“Bring Back Antitrust” is full of the history of antitrust enforcement, discussion of important cases, both famous and not so much, and offers a point of view that may get some attention in the upcoming presidential election.

Thanks for reading.

PS.  There is also an opinion piece in the Washington Post (here) that discusses “Bring Back Antitrust.”

CCC’s: Kenneth Davidson: Enforcing Antitrust– Leniency, Consumer Redress, and Disgorgement

With his permission, I am gladly reposting a very interesting commentary written by Kenneth M. Davidson, a Senior Fellow at the American Antitrust Institute on September 1, 2015

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Over the past 25 years “leniency” policies pioneered by the Antitrust Division of the US Department of Justice have been enormously successful in identifying and prosecuting unlawful cartel behavior.  That success has been replicated by competition agencies in the European Union and elsewhere.  The key to its success has been to offer immunity to the first cartel member that provides the competition agency with evidence that the cartel exists.  The leniency program has led to billions of dollars in fines and imprisonment in the United States of executives of corporations that participated in the cartel.  Notwithstanding these impressive results, I think the effectiveness of competition law needs to be enhanced by a general adoption of policies that require antitrust violators to disgorge all ill-gotten gains earned from anticompetitive actions.

The need for disgorgement is indicated by some perplexing results that have followed the implementation of leniency program.  Greater enforcement of the laws against cartels and other anticompetitive practices ought, in theory, result in the formation of fewer cartels.  Yet enforcement statistics indicate that the number of cartels identified appears to be rising and, even more surprisingly, cartels that have been successfully prosecuted appear to be reforming at an increasing rate.  Professor John Connor, my colleague at the American Antitrust Institute, probably the leading expert on cartel enforcement, published a study in 2010, Recidivism Revealed, which provides data indicating that the rate at which prosecuted violators recreate cartels has continued to rise.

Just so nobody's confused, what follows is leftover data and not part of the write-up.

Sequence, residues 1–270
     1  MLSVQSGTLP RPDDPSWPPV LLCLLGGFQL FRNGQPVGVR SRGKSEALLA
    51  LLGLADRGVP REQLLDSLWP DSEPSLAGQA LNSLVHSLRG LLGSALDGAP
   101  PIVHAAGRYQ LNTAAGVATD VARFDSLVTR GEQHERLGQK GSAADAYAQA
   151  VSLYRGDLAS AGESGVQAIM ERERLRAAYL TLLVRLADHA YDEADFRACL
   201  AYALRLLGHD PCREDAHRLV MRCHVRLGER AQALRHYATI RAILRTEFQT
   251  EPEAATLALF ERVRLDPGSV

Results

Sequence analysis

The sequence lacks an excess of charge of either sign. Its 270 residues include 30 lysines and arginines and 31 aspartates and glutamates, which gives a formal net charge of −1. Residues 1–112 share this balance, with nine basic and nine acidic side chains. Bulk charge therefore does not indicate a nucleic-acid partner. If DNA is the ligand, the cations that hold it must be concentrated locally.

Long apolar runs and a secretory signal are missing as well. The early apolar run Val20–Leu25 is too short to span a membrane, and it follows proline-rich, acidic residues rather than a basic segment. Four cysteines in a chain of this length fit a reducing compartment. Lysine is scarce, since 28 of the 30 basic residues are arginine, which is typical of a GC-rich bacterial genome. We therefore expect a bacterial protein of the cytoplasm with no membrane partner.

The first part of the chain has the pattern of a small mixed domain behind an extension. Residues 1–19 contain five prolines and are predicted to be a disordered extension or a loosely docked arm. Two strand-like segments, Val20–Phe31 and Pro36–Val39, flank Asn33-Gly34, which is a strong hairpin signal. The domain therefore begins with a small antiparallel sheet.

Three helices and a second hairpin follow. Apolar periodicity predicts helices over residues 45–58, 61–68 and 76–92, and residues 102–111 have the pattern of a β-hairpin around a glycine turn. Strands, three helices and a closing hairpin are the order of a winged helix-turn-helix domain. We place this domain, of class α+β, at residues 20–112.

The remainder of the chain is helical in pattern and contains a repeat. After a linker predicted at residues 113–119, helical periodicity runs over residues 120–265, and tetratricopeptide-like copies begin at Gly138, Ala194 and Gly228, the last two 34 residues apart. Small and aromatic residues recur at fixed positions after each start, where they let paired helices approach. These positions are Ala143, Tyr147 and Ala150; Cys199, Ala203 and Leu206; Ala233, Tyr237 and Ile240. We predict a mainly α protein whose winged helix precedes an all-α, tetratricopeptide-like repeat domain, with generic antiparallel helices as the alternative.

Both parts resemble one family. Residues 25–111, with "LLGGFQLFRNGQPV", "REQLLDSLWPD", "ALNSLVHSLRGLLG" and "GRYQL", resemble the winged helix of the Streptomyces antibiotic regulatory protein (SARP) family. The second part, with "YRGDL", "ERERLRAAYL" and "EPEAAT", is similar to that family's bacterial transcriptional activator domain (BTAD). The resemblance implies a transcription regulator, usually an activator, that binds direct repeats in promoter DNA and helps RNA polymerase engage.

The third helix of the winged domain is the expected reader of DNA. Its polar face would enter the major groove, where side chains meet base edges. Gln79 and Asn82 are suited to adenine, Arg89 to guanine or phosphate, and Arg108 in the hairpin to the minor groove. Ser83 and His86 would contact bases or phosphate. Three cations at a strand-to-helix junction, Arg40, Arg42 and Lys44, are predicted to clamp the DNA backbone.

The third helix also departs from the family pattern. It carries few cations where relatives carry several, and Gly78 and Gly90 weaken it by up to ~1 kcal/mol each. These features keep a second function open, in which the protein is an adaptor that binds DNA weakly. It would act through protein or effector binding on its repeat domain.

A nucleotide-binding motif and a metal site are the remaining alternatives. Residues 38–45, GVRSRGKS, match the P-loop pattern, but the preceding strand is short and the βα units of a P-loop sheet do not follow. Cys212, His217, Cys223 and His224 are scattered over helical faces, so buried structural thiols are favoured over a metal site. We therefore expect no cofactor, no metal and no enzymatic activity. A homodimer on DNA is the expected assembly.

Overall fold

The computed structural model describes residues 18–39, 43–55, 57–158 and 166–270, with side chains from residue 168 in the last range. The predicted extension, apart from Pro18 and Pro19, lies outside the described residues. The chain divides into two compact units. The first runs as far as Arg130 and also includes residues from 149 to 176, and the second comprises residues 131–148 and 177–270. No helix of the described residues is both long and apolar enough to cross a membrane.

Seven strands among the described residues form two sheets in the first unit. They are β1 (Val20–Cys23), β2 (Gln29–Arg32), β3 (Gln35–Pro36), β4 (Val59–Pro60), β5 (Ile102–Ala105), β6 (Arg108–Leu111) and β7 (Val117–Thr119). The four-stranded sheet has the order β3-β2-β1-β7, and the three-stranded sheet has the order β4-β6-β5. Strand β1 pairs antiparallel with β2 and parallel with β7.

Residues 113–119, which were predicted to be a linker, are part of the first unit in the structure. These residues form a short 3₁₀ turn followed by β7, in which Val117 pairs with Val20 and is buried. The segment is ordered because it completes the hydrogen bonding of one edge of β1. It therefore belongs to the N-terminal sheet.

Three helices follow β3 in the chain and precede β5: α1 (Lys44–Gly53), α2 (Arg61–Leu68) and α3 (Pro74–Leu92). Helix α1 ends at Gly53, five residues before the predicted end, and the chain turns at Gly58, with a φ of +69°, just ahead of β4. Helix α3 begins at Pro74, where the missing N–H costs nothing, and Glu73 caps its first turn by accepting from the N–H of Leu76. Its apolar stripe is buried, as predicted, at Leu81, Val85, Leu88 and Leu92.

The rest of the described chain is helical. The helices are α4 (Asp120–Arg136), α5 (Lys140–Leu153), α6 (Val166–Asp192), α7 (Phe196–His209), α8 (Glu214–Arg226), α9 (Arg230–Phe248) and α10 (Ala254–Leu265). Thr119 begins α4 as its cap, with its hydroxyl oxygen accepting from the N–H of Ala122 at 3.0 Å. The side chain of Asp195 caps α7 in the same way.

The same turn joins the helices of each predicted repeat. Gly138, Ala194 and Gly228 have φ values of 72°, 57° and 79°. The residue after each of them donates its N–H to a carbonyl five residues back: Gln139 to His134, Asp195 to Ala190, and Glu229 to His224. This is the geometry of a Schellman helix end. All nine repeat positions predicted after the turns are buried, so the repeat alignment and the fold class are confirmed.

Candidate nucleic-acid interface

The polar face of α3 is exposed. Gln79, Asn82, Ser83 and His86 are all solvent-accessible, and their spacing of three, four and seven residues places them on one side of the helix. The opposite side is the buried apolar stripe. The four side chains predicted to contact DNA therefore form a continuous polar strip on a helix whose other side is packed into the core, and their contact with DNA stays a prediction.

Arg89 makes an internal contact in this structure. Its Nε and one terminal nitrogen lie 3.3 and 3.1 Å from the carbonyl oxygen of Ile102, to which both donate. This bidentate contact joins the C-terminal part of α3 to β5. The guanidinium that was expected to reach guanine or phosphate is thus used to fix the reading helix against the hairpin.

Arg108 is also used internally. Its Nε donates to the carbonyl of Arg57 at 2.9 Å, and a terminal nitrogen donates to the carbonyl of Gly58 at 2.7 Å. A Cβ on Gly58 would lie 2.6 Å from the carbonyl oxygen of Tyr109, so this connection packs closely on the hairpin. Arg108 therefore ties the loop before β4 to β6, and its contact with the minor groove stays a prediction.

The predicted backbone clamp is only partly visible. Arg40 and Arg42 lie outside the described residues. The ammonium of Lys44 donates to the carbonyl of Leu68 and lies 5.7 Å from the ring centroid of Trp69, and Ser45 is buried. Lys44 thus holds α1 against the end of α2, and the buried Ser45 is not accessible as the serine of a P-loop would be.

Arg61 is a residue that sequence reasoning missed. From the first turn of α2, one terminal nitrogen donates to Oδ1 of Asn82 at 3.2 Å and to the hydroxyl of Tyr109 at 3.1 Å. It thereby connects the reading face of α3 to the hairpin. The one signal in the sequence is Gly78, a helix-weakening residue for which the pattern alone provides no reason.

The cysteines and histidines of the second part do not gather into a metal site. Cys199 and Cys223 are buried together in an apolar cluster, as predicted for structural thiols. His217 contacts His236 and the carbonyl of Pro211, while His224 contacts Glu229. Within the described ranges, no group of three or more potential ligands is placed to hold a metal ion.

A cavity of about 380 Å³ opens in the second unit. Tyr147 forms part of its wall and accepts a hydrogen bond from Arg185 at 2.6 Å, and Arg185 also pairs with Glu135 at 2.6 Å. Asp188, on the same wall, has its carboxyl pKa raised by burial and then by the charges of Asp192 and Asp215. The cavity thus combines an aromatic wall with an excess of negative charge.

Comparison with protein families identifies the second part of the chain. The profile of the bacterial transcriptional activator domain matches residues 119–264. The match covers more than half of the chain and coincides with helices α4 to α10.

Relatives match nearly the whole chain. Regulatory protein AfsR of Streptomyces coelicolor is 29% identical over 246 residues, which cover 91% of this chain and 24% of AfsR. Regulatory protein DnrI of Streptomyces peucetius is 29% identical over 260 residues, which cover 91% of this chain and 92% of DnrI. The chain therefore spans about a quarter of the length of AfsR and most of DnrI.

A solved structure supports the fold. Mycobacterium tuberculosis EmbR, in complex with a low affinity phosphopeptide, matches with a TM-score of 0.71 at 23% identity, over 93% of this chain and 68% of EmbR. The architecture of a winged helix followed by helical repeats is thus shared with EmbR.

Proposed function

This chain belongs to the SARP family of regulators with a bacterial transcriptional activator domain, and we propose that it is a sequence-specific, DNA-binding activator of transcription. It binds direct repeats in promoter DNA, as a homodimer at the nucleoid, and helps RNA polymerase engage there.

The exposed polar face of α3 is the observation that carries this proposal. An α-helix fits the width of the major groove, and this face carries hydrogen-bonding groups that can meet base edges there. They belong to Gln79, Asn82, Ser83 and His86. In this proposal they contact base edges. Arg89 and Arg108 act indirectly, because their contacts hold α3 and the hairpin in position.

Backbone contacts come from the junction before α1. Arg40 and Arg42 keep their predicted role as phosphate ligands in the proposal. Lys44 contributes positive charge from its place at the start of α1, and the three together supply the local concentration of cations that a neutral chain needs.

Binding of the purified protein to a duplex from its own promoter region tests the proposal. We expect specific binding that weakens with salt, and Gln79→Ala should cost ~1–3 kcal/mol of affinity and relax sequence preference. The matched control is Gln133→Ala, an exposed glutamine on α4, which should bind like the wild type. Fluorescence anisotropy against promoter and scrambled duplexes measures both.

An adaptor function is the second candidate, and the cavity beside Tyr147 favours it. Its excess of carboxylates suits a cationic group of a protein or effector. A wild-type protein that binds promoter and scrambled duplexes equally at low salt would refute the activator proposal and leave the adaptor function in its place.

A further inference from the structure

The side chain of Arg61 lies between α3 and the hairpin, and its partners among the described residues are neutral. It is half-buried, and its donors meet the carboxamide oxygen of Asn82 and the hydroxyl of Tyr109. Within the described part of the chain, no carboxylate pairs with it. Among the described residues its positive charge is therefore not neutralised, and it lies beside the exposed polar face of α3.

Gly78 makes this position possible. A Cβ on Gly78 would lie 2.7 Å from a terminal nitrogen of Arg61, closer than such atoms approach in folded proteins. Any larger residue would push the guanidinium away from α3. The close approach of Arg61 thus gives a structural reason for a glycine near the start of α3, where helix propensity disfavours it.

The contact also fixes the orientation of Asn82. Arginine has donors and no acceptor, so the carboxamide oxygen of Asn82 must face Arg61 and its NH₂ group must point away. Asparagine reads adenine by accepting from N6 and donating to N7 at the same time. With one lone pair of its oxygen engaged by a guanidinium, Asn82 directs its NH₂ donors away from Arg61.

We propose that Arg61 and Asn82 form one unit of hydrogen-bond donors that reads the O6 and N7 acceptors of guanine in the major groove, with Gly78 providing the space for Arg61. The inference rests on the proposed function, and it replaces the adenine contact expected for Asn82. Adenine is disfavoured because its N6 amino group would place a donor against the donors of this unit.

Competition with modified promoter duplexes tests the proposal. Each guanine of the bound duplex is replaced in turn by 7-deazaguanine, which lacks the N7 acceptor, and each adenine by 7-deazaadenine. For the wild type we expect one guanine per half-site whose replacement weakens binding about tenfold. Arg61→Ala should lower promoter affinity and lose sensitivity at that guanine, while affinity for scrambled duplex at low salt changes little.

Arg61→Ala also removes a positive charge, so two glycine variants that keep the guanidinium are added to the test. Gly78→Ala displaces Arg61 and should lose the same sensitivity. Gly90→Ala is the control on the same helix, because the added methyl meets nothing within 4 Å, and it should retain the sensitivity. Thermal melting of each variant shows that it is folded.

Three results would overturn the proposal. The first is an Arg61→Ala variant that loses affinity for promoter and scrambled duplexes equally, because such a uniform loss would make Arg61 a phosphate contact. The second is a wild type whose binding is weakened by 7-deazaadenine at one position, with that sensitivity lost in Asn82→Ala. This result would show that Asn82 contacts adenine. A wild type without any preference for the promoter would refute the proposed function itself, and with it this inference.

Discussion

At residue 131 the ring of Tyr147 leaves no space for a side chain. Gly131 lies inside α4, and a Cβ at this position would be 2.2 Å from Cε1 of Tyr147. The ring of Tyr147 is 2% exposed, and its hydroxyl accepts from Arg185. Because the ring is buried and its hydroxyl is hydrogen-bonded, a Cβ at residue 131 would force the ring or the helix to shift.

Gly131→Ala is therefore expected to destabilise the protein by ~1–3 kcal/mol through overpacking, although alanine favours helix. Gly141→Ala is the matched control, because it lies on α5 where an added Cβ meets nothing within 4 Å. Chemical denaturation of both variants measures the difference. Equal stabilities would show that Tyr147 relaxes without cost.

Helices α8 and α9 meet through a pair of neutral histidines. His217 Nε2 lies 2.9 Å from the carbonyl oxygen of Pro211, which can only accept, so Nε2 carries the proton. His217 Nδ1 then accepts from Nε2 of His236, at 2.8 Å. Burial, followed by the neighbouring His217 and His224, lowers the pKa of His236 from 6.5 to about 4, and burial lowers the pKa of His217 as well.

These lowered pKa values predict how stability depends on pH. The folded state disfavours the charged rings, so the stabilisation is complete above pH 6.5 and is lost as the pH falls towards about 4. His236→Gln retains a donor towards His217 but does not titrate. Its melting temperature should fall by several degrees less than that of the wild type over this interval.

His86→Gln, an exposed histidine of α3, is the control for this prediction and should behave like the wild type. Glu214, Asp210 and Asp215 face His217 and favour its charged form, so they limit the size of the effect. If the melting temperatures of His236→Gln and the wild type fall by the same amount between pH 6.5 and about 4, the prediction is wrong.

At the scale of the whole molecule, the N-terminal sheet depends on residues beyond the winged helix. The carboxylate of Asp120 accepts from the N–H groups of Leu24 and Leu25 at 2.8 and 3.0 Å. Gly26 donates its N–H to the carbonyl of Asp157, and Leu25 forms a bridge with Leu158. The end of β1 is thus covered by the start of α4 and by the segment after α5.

Connor and another AAI colleague, Professor Robert Lande, who have together tracked antitrust penalties and recoveries from private antitrust actions, have suggested the answer to this seeming anomaly is that fines, imprisonment, and private recoveries are not high enough to deter the formation or reformation of cartels.  Their article, Cartels as Rational Business Strategy: Crime Pays, concludes that the formation of illegal cartels will be deterred only if the penalties exceed the anticompetitive profits times the chances of getting caught.  This “optimal deterrence” theory requires that if a company earns a million dollars in unlawful profits and calculates that it has a fifty percent chance of being caught the fine ought to be two million dollars.  Lande and Connor estimate that the total recoveries from public and private antitrust actions is less than 21 percent of the amount needed to deter violations.

I have argued in past Commentaries on the AAI website that I doubt that cartel members can or do make these kinds of calculations when secretly setting up their cartels.  More important, my reading of the history of law enforcement is that punishment alone is unlikely to suppress crime.  Even drastic actions like cutting off the hands of pickpockets do not appear to have been successful.  Even if higher civil and criminal penalties were more effective, they do nothing to compensate those who have suffered from antitrust violations.